MOLISENS: MObile LIdar SENsor System to exploit the potential of small industrial lidar devices for geoscientific applications
- 1Department of Geography and Regional Sciences, University of Graz, Heinrichstraße 36, 8010 Graz, Austria
- 2Virtual Vehicle Research GmbH, Inffeldgasse 21a, 8010 Graz, Austria
- 3Institute of Automation and Control, Graz University of Technology, Inffeldgasse 21b, 8010 Graz, Austria
- 4Arctic Geology Department, University Centre in Svalbard, P.O. Box 156, 9171 Longyearbyen, Norway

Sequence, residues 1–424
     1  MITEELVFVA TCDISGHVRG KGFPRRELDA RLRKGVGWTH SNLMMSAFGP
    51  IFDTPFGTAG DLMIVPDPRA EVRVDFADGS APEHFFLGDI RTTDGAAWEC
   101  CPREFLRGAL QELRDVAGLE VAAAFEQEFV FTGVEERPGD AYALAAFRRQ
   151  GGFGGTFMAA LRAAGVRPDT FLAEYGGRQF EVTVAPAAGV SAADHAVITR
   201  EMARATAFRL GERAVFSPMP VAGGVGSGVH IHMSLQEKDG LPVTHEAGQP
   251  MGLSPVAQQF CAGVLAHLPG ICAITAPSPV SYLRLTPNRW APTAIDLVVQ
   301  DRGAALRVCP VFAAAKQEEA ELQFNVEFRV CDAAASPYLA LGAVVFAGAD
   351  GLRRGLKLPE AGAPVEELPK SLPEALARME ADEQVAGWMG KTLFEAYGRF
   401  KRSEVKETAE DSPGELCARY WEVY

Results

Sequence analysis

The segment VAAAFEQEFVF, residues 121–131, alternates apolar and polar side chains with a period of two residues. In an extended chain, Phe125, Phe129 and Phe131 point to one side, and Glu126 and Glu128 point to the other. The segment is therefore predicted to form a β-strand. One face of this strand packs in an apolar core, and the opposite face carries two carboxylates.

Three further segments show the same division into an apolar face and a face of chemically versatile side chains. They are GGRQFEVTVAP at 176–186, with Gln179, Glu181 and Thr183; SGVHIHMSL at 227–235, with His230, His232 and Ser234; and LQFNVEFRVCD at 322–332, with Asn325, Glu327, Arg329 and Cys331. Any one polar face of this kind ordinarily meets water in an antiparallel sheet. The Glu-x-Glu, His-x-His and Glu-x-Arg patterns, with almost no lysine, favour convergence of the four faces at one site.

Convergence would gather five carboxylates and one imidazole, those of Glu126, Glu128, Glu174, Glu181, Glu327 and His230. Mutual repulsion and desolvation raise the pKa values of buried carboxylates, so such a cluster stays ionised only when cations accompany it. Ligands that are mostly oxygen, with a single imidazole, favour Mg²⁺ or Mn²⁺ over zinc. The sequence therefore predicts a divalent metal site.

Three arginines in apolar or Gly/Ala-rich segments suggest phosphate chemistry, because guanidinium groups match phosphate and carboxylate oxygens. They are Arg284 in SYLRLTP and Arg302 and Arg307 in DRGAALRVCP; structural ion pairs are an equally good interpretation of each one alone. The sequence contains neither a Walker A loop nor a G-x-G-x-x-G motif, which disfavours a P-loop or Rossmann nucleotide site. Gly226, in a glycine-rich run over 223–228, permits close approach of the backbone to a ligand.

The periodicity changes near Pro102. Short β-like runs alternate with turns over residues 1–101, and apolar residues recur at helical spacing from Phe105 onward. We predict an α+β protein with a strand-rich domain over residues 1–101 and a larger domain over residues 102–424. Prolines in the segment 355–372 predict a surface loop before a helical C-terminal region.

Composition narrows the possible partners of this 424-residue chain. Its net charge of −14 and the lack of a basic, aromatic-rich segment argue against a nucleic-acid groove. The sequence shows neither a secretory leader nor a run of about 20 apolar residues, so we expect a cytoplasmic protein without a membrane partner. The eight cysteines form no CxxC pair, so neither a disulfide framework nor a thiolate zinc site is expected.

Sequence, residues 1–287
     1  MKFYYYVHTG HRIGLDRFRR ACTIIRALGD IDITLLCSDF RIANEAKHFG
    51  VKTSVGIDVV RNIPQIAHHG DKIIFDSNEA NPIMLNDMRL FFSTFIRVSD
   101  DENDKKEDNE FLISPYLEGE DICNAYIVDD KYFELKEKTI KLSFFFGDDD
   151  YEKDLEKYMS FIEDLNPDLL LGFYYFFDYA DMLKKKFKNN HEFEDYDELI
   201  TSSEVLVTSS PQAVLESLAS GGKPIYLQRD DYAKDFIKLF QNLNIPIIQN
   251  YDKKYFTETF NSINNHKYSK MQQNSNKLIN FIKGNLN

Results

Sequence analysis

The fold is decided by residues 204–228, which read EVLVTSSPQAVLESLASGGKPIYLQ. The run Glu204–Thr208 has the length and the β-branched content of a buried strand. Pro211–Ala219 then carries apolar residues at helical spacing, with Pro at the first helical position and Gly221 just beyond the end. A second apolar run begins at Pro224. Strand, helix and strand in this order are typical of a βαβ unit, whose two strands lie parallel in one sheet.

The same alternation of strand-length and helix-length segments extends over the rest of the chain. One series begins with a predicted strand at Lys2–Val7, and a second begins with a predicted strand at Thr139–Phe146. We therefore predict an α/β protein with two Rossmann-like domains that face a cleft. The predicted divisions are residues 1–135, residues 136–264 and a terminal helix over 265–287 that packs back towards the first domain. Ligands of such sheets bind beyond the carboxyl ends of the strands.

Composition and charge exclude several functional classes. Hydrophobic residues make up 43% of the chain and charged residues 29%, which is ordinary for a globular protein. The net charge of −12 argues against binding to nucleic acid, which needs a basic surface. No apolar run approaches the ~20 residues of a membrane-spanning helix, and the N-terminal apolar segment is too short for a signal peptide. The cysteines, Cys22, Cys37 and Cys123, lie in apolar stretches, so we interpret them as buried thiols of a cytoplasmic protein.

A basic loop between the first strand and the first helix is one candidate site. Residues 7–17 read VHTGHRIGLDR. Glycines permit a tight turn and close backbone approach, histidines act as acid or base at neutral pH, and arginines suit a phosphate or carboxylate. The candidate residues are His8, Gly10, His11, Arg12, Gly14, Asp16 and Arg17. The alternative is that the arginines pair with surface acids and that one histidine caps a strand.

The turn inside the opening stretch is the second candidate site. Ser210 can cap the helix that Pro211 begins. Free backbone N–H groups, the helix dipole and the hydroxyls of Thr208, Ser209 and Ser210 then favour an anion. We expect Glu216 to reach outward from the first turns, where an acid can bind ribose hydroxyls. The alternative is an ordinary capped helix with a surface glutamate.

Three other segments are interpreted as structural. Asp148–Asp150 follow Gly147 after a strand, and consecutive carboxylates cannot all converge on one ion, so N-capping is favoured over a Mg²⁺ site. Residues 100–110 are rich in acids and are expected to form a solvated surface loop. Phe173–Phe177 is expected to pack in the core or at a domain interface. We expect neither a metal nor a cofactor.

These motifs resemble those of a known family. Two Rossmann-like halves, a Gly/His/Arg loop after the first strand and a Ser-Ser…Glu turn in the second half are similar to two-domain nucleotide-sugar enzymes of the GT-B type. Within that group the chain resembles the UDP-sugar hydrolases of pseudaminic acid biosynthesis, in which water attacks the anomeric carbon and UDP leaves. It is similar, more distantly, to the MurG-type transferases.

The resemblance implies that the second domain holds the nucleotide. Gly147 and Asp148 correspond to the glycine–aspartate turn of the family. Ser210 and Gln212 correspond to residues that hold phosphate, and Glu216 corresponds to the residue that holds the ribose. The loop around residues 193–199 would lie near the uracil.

- These authors contributed equally to this work.
Correspondence: Thomas Goelles (firstname.lastname@example.org), Tobias Hammer (email@example.com), Stefan Muckenhuber (firstname.lastname@example.org), and Birgit Schlager (email@example.com)